Paraplegia is sensory or motor disorder in the lower extremities of the body. The impairment is due to damage caused as a result of congenital deformities or trauma and spinal injuries. The effects of paraplegia are predominantly seen in the thoracic, lumbar and sacral region. The damage caused as a result of paraplegia can lead to other issues such as monoplegia (dysfunction of one organ), paralysis and some times fecal incontinence and impotence.
Spastic paraplegia and flaccid paraplegia are two important forms of the disease which are differentiated based on the location. Flaccid paraplegia is associated with the lesion caused in the spinal cord; which in turn causes two significant forms of myelopathies compressive and non-compressive respectively. The compressive form of paraplegia occurs because of the destruction of the spinal cord due to pressure exerted on it. In most cases the pressures caused are because of underlying medical conditions such as neoplasms, degenerative spinal disease or hematoma. The compressive forms are predominantly located in extradural and subdural regions causing extra medullary and intramedullary complications such as neurofibroma and meningioma.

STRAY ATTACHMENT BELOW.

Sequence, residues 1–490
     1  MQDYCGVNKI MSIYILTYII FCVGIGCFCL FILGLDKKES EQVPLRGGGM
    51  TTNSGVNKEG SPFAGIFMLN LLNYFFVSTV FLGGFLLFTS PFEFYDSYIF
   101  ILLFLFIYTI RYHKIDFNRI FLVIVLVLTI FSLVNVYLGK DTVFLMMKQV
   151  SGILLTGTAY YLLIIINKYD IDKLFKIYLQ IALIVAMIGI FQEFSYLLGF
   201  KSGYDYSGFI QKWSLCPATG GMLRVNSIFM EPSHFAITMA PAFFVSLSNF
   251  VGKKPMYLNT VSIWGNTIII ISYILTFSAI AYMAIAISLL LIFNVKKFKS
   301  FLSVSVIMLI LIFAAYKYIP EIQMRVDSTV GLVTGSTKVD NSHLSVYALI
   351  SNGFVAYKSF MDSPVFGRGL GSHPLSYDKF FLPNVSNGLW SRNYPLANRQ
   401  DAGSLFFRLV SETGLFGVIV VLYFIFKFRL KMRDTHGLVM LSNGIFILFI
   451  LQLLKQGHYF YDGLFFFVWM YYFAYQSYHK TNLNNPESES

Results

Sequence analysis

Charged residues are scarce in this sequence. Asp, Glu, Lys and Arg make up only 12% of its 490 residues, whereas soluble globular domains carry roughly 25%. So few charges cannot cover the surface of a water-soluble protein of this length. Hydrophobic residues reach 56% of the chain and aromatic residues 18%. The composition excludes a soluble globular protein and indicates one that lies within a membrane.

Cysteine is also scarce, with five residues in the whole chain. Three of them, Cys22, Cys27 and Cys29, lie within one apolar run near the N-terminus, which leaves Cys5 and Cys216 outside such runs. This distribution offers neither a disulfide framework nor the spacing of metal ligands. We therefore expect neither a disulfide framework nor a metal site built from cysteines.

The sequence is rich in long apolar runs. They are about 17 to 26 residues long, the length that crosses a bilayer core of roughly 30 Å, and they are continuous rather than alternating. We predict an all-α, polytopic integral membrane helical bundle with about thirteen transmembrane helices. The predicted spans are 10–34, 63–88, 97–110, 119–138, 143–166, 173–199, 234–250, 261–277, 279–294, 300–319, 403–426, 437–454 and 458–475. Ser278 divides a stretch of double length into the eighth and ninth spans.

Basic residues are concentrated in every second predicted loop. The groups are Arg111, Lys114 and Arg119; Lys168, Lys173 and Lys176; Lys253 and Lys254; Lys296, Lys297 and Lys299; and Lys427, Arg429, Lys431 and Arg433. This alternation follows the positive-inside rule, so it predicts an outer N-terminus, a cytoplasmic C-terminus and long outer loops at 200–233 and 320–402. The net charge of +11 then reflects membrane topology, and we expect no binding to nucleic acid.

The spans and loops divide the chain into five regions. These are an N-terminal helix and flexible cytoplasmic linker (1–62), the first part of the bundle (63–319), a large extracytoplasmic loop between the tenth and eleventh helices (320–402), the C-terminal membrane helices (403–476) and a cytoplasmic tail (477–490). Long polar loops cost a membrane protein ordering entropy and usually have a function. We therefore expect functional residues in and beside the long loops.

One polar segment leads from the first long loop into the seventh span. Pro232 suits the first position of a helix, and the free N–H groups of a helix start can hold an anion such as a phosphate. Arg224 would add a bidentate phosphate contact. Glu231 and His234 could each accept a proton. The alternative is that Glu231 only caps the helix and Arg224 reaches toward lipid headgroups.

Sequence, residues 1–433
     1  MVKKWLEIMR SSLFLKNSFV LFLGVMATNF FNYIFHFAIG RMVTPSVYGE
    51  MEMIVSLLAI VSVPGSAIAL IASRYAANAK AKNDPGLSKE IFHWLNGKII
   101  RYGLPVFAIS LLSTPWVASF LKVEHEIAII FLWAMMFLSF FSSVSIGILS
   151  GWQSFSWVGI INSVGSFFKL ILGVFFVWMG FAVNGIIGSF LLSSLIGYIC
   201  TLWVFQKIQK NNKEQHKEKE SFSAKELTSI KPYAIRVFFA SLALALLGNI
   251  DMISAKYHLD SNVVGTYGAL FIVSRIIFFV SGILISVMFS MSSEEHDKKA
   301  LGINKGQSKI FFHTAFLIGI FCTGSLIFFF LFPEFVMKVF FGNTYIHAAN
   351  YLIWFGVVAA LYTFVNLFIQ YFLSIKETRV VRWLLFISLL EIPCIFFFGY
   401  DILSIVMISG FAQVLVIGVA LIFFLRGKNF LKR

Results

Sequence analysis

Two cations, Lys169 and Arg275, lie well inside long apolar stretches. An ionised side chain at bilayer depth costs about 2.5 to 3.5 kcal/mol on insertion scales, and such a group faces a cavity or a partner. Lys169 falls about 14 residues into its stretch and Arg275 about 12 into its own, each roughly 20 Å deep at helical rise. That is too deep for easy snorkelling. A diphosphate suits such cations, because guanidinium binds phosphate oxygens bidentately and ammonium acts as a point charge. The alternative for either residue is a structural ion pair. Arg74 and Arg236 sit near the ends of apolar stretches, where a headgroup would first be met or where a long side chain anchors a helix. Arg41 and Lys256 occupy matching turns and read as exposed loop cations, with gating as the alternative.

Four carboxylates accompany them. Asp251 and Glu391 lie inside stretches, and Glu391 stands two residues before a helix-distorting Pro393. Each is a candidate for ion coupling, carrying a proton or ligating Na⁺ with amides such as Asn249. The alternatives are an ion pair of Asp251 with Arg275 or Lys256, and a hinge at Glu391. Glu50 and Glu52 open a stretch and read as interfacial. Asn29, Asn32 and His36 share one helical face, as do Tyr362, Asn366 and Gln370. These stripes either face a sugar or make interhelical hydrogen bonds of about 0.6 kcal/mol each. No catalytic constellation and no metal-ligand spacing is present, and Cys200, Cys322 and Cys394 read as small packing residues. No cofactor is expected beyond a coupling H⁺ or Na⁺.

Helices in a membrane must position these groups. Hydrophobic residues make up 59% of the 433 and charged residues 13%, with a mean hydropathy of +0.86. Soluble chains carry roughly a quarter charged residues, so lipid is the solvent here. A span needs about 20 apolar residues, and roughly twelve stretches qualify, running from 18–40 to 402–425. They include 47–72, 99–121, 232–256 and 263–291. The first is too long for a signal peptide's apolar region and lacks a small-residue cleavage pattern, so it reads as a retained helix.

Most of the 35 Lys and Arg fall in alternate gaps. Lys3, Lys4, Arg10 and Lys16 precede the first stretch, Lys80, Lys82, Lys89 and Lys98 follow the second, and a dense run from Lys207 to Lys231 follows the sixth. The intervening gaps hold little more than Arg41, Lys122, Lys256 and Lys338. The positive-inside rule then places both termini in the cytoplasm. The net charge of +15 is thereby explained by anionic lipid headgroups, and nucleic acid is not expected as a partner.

The lesions caused affect the spinal arteries causing ischemia eventually leading to tissue necrosis in the respective region. This leads to the development of edema in the spinal region causing compression and damage. Because of increased pressure, paraplegia can initiate complications such as pneumonia, pressure sores which are decubitus in origin. Often the pain associated with paraplegia radiates in the region of nerve damage. Vitamin B 12 deficiency also leads to the occurrence of paraplegia of non compressive origin.
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Collection of Pages - Last revised Date: June 17, 2019